Latest Human genetic variation Stories
Researchers unveiled early results from the pilot phase of the 1000 Genomes Project on Wednesday, revealing the most complete inventory to date of the millions of DNA variations between individuals.
International collaboration maps height 'hotspots' in the genome BOSTON, Sept.
New findings show the value of genetic studies across human populations and the value of the latest DNA sequencing technologies to interrogate genetic variation.
Scientists have identified a genetic variant which increases susceptibility to tuberculosis (TB) in African populations using a technique known as a genome-wide association (GWA) study.
The completion of three pilot projects designed to determine how best to build an extremely detailed map of human genetic variation begins a new chapter in the international project called 1,000 Genomes.
Understanding the genetic ancestry of mixed populations, such as those found in North America, can not only help to detect their origins but also to understand the genetic basis of complex diseases.
Genetic abnormalities are most often discussed in terms of differences so miniscule they are actually called "snips" â€” changes in a single unit along the 3 billion that make up the entire string of human DNA.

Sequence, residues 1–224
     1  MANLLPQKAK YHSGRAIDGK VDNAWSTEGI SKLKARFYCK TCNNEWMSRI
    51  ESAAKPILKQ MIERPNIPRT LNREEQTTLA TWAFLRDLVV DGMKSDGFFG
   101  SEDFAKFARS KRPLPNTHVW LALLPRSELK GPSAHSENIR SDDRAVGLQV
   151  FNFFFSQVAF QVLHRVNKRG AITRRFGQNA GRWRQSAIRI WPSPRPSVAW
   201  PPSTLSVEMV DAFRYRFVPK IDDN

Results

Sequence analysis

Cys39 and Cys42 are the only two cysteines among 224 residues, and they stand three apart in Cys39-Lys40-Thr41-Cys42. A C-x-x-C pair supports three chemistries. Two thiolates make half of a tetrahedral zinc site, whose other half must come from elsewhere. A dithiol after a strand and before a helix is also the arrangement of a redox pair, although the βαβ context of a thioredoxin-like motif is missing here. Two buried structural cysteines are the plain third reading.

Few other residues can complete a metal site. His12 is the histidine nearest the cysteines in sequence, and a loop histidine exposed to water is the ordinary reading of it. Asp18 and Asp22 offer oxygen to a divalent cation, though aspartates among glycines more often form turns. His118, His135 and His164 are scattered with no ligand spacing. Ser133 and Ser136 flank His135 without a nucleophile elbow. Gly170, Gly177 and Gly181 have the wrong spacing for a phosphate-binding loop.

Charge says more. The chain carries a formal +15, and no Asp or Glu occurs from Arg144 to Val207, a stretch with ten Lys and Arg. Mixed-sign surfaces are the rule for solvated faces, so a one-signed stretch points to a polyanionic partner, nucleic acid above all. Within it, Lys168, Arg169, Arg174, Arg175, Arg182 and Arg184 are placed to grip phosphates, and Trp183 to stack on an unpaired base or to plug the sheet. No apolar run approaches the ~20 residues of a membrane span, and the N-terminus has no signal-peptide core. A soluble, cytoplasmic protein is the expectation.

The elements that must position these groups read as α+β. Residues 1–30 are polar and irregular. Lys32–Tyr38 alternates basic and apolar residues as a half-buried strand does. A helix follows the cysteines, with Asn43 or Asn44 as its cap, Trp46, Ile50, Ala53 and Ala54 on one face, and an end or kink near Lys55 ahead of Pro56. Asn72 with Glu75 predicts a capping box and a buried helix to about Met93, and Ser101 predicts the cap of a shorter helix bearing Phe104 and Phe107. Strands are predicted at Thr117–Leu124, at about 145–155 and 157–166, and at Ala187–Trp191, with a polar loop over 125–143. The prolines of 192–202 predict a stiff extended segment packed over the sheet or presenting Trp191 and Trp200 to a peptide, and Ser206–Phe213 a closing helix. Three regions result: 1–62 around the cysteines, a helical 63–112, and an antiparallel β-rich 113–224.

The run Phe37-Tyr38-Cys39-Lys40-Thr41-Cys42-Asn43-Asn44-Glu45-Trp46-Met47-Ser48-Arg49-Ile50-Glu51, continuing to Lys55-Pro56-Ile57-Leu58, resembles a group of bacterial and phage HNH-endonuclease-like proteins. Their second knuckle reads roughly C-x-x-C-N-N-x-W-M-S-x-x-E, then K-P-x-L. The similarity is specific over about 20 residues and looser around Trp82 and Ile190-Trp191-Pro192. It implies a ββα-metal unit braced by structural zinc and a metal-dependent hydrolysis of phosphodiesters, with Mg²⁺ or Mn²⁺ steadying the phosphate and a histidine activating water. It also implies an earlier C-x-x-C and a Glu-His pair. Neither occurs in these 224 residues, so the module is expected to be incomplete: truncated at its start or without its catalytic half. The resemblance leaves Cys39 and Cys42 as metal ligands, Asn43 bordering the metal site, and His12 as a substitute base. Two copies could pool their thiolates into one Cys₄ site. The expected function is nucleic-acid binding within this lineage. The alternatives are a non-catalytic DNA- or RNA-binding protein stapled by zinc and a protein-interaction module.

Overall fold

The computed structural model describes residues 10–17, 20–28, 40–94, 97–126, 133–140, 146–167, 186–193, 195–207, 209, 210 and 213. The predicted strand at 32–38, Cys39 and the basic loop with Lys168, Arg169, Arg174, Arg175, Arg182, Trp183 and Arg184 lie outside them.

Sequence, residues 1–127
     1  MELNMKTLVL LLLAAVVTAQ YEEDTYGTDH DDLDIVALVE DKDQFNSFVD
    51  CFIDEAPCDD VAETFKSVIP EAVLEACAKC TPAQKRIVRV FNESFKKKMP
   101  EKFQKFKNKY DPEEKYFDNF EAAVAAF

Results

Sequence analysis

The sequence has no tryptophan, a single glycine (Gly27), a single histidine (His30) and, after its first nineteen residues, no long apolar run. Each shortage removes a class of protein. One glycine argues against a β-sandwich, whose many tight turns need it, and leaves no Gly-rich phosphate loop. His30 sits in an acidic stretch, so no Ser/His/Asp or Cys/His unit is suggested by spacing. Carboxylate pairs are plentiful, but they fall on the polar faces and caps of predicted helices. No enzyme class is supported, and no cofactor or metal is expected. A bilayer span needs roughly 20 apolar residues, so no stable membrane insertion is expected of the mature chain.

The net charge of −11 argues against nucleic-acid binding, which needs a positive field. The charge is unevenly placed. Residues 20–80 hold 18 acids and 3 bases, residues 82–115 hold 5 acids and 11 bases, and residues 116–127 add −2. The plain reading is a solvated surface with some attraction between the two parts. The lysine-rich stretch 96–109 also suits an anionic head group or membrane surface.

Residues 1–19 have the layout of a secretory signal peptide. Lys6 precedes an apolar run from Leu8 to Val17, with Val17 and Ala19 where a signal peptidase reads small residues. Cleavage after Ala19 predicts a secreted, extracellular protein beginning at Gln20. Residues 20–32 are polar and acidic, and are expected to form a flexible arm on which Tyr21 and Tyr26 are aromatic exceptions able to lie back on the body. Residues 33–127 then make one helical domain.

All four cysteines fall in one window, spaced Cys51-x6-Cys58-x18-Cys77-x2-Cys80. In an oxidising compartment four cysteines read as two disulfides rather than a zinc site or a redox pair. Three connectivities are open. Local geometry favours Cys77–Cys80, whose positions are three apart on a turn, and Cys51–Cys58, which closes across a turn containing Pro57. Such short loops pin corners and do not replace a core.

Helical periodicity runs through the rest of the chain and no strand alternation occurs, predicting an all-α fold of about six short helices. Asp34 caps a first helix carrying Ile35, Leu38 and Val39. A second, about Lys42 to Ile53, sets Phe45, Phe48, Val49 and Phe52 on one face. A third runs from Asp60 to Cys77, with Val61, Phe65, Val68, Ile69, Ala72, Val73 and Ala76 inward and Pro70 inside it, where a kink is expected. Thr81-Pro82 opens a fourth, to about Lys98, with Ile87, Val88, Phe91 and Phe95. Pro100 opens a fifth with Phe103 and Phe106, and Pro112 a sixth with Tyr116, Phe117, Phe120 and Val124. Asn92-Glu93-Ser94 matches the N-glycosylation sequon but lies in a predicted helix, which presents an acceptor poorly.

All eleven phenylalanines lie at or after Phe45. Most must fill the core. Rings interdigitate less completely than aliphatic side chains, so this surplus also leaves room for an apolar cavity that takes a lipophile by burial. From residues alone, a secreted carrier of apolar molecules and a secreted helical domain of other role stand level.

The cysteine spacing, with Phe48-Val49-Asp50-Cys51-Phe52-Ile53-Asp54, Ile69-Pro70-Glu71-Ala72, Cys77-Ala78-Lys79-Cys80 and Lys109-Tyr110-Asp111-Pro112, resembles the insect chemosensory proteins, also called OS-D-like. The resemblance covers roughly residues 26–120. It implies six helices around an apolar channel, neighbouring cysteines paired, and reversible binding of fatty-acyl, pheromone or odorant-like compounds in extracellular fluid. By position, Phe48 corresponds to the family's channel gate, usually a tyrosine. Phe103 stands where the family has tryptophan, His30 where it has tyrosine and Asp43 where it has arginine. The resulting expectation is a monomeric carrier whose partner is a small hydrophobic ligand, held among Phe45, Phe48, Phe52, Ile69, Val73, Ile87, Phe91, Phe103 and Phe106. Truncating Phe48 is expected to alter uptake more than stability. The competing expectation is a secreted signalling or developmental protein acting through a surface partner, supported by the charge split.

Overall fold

Genetic researchers from the University of Pennsylvania have combined data from existing archaeological and linguistic studies of Africa with human genetic data to shed light on the demographic history of the continent from which all human activity emerged.
ASHG publishes follow-up white paper report that explains scientific reasoning and expands on recommendations made in 2008 policy statement.
Researchers at the University of Utah and other institutions have sequenced for the first time the entire genome of a family, enabling them to accurately estimate the average rate at which parents pass genetic mutations to their offspring and also identify precise locations where parental chromosomes exchange information that creates new combinations of genetic traits in their children.
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